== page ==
A longtime doctor in Austin unexpectedly retired leaving all his patients struggling to get medical records and prescription refills.
Dr. William Moran who has been seeing patients for over a decade suddenly retired with no notice beforehand. According to Bill Eastman, a patient of Moran who needed a refill this summer said he called the doctor’s office but, to no avail.
“I called and tried to make an appointment, but the phone was disconnected,” said Eastman.
But Dr. Moran is still in the list of having an active license on the Texas Medical Board’s website. His report to the board says that he has been practicing medicine for 31 years now. Patients also tried going to Moran’s office for appointments but saw a note posted on the door that says, “office is closed down due to Dr. Moran’s retirement. Sorry for any inconvenience.”
The note also included a phone number but according to patients, the line is disconnected. “Retiring without giving us any notice is very much unlike him,” Eastman said, adding: “I don’t know what happened.”
Patients aired their frustration on social media stating their struggle to get their medical records from Moran. One review says the doctor Moran “abandoned his patients overnight.”
Steve Oleson, a patient of Moran, told KXAN that he was also in need of an appointment for a new prescription. “We had no information at all,” he said, adding: “I was worried a little bit about him, whether he had some health issue or something.”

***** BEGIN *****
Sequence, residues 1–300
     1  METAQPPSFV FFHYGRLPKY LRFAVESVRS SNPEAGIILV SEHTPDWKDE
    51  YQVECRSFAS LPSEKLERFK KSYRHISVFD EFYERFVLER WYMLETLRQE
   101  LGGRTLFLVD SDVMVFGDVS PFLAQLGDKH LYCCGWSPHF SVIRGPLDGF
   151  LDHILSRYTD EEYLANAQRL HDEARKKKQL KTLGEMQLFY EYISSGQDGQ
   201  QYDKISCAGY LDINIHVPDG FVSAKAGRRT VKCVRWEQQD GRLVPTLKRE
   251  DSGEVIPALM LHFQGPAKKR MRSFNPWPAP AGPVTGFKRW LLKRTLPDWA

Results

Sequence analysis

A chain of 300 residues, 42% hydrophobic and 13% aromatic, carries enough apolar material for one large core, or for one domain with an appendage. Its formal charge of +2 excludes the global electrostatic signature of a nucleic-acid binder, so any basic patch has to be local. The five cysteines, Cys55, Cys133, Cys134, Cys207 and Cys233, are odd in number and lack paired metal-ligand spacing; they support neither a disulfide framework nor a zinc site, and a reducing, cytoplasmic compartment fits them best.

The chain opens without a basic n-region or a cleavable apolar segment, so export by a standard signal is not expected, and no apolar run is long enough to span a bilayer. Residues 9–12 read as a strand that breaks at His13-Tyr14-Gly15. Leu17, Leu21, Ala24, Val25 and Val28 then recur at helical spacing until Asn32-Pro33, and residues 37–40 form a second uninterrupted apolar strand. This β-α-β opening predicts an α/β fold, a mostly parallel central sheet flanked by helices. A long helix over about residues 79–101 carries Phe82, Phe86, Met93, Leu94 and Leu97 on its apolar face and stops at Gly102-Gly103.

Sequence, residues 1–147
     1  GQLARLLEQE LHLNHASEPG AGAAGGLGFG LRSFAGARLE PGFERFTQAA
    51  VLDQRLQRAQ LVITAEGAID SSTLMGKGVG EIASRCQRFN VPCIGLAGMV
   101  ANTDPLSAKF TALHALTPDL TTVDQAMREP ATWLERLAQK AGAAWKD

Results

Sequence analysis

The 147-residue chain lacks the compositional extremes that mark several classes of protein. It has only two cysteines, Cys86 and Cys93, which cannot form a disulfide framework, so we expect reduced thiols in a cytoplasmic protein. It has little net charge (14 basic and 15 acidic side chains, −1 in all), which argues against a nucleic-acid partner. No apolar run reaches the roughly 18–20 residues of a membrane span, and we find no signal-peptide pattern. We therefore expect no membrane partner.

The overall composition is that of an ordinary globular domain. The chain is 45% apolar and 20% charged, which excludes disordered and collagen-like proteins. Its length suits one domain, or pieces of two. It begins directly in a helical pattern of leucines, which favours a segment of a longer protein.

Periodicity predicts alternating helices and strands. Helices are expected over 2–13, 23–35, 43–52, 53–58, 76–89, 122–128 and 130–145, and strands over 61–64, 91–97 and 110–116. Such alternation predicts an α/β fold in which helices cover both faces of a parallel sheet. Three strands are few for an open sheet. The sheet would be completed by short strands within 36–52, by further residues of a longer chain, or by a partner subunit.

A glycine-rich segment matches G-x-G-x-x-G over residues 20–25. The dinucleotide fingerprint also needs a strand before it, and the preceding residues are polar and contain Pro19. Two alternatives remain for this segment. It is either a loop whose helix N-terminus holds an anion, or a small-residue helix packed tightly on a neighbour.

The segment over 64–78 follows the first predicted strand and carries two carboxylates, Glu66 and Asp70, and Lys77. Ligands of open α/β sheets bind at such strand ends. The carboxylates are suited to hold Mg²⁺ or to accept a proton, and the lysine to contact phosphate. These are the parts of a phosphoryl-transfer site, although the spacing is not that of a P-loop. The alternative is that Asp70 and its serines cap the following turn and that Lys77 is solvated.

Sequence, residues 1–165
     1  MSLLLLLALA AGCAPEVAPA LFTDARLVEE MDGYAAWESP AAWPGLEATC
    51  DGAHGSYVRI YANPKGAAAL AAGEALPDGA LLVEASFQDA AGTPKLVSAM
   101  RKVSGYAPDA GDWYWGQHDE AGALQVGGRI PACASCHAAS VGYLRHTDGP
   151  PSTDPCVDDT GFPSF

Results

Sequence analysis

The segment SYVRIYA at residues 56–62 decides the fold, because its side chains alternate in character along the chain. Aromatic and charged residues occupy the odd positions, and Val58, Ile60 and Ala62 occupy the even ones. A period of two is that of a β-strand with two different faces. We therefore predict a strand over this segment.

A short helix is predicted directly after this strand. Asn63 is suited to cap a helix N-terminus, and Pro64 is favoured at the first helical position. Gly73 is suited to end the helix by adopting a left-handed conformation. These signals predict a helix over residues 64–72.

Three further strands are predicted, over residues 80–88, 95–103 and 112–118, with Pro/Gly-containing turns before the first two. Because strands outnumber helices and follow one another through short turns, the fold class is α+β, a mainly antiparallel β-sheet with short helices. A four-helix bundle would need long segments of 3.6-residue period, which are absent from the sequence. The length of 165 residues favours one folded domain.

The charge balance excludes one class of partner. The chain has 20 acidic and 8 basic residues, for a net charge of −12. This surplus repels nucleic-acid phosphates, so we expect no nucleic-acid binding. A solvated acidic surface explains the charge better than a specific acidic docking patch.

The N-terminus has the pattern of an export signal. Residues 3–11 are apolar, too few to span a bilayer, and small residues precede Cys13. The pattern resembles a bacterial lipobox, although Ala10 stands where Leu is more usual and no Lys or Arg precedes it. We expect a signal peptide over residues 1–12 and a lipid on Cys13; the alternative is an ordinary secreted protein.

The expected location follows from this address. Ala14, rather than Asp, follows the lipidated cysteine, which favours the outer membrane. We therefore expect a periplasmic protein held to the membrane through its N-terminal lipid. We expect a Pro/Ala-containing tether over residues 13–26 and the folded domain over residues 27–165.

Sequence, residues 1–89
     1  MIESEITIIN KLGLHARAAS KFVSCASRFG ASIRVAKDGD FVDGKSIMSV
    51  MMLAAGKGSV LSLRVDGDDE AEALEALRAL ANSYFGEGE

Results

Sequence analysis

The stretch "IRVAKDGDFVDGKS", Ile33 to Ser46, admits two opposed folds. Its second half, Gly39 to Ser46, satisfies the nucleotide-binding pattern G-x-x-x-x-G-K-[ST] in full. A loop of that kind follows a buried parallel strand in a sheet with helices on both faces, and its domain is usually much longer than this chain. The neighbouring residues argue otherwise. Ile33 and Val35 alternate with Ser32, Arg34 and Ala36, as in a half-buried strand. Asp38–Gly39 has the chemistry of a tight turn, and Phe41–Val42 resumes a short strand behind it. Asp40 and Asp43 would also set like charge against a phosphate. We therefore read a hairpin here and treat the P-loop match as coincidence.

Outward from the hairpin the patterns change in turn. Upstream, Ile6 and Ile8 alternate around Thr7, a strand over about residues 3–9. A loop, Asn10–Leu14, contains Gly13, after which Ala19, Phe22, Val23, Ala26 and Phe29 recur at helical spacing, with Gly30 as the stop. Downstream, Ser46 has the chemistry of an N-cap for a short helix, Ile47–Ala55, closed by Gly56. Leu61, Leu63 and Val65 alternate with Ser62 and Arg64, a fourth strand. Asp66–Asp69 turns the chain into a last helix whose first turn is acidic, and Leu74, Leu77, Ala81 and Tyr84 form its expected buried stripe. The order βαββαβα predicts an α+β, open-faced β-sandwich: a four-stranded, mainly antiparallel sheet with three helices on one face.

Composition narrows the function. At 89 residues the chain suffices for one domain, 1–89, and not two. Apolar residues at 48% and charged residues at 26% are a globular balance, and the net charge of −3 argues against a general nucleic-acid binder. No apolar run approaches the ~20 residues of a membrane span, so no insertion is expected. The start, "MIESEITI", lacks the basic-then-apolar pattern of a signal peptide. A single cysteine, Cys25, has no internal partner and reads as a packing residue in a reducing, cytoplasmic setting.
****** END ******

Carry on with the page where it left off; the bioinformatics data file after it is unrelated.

KXAN also tried to reach out to Dr. Moran at his Austin office on 35th Street where a near office told KXAN that they knew about the retirement of Dr. Moran but the move was sudden and happened within a week.
The office also told KXAN that patients who are looking for their medical records should contact the custodian of records at [email protected].
KXAN tried reaching out to the email provided but no response. The team tried to call a cell phone number listed for the doctor and a man answered although would not identify if he is Dr. Moran.
When asked about the retirement, the man said, “I’m not interested in talking to you about that, but thank you.”
According to a spokesperson for the Texas Medical Board, Moran did not notify them, and it is required to do so within 30 days of retirement or relocation.
The TMB also said that doctors are required to notify their patients. This includes posting signage in their office at least 30 days before their retirement date. Doctors are also required to notify patients where they can get their medical records. Board rules also says that patients seen in the past two years must receive a letter or email.
Eastman said that he already filed a complaint to the Texas Medical Board regarding Dr. Moran’s sudden retirement. “If he tries to get in practice again, hopefully he won’t be able to,” said Eastman. “He does deserve to retire, just not the way he did it.”
“If TMB receives a complaint and a violation verified following an investigation, TMB utilizes sanctions guidelines in disciplinary matters,” said a board spokesperson. “The potential sanction will depend on a number of factors including consideration of any aggravating or mitigating circumstances.”
The spokesperson added: “If a physician’s license is in an active status, they may still be subject to disciplinary action.”
According to the board, obtaining medical records shall not exceed a fee of $25 for 25 pages of paper records, or 500 pages for electronic records but other states and federal laws may apply in identifying charges for medical records.